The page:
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The maximum contribution employees will be able to make to their flexible spending accounts is expected to rise in 2015 by $50 to $2,550, according to Buck Consultants at Xerox calculations.
That $50 increase would be the first since the 2010 health care reform law set a $2,500 annual limit, effective in 2013.
Aside from imposing a $2,500 cap, the Patient Protection and Affordable Care Act specified that starting in 2014, the new limit would increase to match the rise in the consumer price index at the close of a 12-month period ending on Aug. 31.
For the 12-month period ending Aug. 31, 2013, CPI indexing resulted in an indexed amount of $2,542, which, when rounded down to the nearest $50 — a methodology set by the ACA — resulted in a $2,500 maximum contribution for 2014, the same as in the prior year.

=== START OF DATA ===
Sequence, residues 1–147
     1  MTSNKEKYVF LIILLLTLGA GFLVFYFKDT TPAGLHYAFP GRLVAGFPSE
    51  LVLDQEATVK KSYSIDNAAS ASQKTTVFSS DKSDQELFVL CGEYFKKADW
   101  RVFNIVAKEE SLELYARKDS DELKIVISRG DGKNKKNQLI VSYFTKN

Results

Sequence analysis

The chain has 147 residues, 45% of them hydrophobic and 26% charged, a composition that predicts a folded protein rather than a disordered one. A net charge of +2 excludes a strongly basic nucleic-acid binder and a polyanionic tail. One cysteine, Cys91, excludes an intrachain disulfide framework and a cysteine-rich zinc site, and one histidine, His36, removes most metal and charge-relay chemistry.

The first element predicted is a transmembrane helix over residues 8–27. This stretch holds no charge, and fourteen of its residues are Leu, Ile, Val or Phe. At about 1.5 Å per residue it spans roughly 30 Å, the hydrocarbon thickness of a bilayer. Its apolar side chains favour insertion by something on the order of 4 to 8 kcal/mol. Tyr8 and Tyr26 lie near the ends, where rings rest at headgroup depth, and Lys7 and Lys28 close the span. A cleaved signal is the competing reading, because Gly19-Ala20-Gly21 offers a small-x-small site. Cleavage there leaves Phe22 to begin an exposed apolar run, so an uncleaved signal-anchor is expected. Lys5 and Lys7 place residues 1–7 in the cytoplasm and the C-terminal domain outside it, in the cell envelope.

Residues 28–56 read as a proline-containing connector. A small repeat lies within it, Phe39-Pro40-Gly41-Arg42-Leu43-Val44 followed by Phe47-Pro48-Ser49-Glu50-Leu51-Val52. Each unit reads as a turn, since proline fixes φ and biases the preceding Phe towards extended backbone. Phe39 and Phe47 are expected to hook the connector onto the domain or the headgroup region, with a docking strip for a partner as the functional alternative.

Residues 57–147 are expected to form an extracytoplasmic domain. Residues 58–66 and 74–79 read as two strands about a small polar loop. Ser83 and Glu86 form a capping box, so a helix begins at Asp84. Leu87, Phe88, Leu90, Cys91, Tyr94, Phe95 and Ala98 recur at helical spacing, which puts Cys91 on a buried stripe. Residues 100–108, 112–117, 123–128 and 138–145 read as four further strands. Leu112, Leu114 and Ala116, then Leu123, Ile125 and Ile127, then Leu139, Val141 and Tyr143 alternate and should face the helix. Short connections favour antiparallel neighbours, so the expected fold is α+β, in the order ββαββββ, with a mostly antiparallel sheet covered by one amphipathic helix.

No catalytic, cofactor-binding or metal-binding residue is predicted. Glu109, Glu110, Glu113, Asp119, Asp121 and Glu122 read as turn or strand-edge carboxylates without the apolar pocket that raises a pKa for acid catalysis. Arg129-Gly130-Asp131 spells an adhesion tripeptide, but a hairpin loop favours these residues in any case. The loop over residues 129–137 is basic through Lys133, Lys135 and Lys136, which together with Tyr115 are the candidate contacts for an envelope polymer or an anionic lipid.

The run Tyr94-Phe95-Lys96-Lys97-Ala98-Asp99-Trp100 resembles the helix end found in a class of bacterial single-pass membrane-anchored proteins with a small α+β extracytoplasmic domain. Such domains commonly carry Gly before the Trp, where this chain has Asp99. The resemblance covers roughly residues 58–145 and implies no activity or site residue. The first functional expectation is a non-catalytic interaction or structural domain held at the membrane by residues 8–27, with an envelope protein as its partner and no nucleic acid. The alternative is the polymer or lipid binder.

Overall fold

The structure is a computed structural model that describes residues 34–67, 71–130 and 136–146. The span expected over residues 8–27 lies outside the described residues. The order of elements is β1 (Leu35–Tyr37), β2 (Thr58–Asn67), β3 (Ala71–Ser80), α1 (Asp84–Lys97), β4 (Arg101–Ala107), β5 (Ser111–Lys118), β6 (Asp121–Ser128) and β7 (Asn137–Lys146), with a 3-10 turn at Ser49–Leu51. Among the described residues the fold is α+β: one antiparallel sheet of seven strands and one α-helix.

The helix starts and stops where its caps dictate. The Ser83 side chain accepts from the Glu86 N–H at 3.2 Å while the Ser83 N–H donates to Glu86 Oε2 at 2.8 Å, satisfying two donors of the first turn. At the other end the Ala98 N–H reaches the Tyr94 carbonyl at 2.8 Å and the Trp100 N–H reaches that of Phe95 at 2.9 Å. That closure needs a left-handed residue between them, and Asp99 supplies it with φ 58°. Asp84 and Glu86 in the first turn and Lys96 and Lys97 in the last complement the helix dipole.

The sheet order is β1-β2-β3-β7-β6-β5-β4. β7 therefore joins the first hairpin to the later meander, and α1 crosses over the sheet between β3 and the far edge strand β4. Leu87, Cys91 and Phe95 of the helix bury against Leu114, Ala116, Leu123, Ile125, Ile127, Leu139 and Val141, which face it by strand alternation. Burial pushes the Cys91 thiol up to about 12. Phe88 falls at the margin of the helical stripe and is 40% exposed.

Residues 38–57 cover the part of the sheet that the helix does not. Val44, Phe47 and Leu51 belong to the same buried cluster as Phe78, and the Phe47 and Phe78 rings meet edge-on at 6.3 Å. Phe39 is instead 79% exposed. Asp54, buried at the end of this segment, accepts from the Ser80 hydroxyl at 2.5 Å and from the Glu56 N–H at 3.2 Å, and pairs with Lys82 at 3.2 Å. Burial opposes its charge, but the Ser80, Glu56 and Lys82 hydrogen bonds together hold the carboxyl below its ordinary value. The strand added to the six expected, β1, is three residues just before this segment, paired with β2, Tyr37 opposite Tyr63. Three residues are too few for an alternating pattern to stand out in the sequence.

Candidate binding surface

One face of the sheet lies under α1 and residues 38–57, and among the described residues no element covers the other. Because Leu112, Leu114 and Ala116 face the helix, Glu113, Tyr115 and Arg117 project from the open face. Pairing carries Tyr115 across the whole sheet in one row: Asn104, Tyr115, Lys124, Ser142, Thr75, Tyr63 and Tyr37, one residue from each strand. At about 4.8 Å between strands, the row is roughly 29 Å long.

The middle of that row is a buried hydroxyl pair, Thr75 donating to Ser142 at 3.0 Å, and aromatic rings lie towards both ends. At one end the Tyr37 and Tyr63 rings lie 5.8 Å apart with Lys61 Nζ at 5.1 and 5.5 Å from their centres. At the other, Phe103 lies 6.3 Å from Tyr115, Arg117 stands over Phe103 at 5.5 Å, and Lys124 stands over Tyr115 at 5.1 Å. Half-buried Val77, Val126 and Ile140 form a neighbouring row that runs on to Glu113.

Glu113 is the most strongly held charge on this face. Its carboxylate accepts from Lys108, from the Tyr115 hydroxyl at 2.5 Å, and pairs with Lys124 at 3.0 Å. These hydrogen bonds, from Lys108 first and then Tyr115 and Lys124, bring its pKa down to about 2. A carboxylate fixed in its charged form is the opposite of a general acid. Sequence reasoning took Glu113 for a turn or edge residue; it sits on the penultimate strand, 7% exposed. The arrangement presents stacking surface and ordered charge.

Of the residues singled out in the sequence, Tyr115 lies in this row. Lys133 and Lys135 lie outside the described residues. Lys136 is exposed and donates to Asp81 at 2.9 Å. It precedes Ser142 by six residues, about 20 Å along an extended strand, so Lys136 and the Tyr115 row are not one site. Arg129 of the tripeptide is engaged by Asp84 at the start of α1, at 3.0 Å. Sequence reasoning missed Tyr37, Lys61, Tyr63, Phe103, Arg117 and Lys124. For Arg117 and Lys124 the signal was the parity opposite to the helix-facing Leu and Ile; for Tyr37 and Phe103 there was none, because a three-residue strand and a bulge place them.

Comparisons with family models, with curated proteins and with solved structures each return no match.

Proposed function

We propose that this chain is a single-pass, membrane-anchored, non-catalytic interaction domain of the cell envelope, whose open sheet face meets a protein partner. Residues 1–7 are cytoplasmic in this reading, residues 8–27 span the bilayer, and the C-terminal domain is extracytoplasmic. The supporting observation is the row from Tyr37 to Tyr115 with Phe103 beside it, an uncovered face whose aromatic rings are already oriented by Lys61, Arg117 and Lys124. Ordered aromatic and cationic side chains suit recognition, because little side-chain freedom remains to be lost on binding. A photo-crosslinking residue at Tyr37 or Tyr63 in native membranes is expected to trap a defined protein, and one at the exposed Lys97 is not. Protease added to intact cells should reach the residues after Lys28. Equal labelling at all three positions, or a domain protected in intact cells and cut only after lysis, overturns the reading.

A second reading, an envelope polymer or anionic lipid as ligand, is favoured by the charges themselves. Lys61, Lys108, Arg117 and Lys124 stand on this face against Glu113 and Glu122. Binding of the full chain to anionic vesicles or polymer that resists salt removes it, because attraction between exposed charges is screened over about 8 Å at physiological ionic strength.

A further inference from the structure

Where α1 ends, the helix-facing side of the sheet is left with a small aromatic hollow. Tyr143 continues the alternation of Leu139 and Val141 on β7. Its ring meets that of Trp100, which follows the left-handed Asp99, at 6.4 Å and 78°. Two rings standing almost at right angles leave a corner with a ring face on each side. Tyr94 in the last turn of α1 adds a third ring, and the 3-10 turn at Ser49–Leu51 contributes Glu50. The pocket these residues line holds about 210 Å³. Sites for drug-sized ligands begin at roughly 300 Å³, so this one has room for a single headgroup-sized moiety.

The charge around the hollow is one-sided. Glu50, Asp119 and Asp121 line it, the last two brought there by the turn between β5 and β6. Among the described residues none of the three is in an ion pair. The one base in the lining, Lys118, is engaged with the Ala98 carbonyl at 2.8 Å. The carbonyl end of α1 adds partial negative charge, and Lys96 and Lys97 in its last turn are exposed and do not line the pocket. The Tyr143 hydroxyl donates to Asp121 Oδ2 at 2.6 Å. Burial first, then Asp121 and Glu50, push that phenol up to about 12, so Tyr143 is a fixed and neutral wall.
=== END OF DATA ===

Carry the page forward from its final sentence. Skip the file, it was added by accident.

However, already through the end of July of this year, the indexed amount has risen to $2,583. Rounding down to the nearest $50 results, effective in 2015, in a maximum contribution limit of $2,550.
While that increase will be welcomed by employees, the maximum FSA contribution limit will be far lower than what employers typically previously allowed.
Prior to the ACA-imposed $2,500 limit, employers typically allowed employees to contribute between $3,000 and $5,000 to their FSAs, said Rich Stover, a Buck Consultants principal in Secaucus, New Jersey.
Long-awaited Internal Revenue Service guidance released Friday details how employees will be able to carry over up to $500 in unused contributions remaining in general-purpose flexible spending accounts to the next year and not lose their ability to contribute to health savings accounts.